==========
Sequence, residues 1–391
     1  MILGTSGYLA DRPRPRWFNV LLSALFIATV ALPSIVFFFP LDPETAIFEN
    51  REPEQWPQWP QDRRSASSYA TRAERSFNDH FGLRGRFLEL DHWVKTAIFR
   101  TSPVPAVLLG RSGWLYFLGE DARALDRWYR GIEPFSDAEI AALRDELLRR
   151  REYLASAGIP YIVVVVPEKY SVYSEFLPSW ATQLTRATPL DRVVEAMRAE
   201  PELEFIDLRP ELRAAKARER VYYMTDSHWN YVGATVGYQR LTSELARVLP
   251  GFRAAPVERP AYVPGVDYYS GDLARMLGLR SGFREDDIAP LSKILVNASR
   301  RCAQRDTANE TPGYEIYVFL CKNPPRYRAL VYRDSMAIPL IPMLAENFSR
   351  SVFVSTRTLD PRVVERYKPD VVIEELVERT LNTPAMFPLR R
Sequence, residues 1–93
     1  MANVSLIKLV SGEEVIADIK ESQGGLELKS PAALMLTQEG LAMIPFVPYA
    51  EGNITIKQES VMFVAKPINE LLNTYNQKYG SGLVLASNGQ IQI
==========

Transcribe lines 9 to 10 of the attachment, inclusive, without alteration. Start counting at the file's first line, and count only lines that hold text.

   351  SVFVSTRTLD PRVVERYKPD VVIEELVERT LNTPAMFPLR R
Sequence, residues 1–93